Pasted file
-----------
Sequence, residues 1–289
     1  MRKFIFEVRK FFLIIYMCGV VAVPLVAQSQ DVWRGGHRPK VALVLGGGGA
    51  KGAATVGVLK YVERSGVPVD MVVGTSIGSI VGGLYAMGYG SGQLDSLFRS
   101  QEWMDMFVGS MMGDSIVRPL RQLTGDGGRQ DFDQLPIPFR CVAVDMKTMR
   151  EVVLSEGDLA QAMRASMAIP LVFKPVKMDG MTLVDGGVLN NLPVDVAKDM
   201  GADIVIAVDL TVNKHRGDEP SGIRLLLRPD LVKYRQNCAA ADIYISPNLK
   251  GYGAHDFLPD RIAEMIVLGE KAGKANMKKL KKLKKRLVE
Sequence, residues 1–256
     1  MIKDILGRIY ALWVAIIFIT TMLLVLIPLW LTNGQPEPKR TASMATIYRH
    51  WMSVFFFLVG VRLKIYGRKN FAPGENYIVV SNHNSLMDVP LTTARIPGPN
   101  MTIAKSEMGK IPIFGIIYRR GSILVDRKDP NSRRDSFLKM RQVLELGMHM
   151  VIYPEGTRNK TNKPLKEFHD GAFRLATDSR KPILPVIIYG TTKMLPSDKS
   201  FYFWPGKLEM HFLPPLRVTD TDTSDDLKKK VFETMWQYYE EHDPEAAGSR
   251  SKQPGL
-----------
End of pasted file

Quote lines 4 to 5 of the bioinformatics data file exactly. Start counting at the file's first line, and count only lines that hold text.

   101  QEWMDMFVGS MMGDSIVRPL RQLTGDGGRQ DFDQLPIPFR CVAVDMKTMR
   151  EVVLSEGDLA QAMRASMAIP LVFKPVKMDG MTLVDGGVLN NLPVDVAKDM